Sanne Wevers at the 2004 Junior Europeans

IG: You have not been on a team together because of injuries to one or both of you. Can you each tell us about the injuries you have had over the past few years?

LW: Unfortunately I've had a lot of injuries in my career. My big injury was in 2009, when I tore a part of my ACL at the European championships in Milan, Italy. I had surgery and the injury took me out for about two years. My comeback was in 2011, when I was a member of the Dutch team for the world championships in Tokyo, Japan, and then the 2012 Olympic Test Event in London.

After that I got injured again, to both of my wrists. I had to do surgery and once again all the recovery went very slow.

I was not sure if I could come back, but my passion and motivation were great enough to give it a try, andI worked very hard to get in this shape again. I'm very happy to be back and be able to compete on the international field again.

SW: In 2004 I competed at Europeans as a junior, and over the past 10 years I represented the Netherlands in 10 other major competitions (European Youth Olympic Festival, Europeans and world championships). Lieke and I have never been on the team together. When I made the team, she was injured and vice versa. So in 2009 I had an elbow injury, but I was there to watch my sister compete. In 2010 was the highlight of my career, when I got my own skill named on the Worlds (Wevers pirouette). After that I had a really tough time to pass, because I had a shoulder injury. I had surgery, and it toke me a long time to recover.

In 2011 I was ready for the trials for Tokyo, but than I fell on floor and hurt my foot. So that's why I couldn't compete in Tokyo or at the Olympic Test Event. After all of that, I took some time off and decided to start training for the worlds in Antwerp. This January Lieke and I were both fit and started training for the Europeans together.

IG: What does it feel like to be on a team together, representing both your family and the Netherlands?

LW: It feels very special to me. Many times when I was injured I supported my sister when she competed on the big events, and that was nerve-wracking for me. And now to be able to be very close on the competition floor together feels very safe and comfortable with her. We have been in a very good training process with each other, and we can help each other very well. I'm very excited that finally both Wevers are showing the world what we have worked for!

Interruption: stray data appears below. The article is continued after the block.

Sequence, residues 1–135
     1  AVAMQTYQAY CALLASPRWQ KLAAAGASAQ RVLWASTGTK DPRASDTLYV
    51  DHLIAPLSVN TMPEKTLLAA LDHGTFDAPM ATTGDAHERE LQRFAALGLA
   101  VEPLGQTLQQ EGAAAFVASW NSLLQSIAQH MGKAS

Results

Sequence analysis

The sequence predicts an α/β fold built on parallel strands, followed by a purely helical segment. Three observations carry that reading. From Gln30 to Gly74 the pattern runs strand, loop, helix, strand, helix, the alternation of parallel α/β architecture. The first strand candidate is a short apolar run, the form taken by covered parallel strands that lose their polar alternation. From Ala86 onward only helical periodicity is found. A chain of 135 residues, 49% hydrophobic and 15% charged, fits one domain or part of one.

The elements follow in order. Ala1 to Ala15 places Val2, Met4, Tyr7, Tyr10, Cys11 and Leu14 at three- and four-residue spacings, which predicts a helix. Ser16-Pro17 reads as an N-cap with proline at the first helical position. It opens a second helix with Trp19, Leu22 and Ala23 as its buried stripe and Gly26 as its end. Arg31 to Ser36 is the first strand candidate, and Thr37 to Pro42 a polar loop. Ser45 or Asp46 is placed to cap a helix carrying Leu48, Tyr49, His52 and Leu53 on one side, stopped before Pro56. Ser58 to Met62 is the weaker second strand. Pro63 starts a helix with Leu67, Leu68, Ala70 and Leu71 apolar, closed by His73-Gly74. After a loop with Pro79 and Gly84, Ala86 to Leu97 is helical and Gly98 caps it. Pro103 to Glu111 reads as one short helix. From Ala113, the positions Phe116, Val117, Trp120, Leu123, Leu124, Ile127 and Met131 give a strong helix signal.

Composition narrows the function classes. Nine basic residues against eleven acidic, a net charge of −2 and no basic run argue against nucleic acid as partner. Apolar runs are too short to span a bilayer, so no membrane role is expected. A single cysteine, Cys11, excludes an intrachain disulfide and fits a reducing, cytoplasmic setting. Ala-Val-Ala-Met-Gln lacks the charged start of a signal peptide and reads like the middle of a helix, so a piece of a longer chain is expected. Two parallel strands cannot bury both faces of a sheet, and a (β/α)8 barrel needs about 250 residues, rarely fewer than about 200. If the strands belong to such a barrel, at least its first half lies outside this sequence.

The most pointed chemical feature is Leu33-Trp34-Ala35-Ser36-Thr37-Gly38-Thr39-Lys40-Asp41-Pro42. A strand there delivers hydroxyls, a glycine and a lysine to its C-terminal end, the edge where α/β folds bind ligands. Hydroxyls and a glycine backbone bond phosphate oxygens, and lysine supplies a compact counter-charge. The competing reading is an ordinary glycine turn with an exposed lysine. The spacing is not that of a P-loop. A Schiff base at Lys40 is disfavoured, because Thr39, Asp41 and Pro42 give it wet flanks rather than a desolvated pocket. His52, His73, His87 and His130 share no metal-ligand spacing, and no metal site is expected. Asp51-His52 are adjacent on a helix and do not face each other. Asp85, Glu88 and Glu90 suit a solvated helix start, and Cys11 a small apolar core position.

SW: I definitely feel the same, and I'm very proud that we made the team together this time. It feels very nice to have my sister close to me on the floor, instead of her supporting me from the stands. I hope we can help each other a lot, and perform the best we can!


Lieke Wevers at the 2011 Worlds

IG: What are your personal goals for the European championships?

LW: My personal goal is to hit my routines on bars and beam the best I can. I want to be clean and stable, and be a good member of the Dutch team.

SW: I also want to perform the best I can on bars and beam. This week I also want to be there for my teammates, to help and advice them where they need me. This is a team competition, so we have to look after each other.

IG: You are coached by your father. How often do you train together with the national team?

Both: We are coached by our dad at our home club. We only train together with the national team in preparation for the major competitions. Also we have a few meetings/camps a year with Dutch selection team.

IG: What do you think Netherlands needs to do to get back into the top teams?

Both: We think we're on the right road to get back in the top teams again. We are working on our D-scores, to get them higher, and of course we also pay much attention to our presentation, to show clean and beautiful routines.

For the future we really hope the old members of the Dutch team, like Céline van Gerner, Wyomi Masela and Joy Goedkoop, will work very hard to get back and be able to add their good qualities again.

 
Written by John Crumlish    Wednesday, 30 April 2014 20:08    PDF Print
IG Online Interview: Alex Naddour (USA)
(7 votes, average 5.00 out of 5)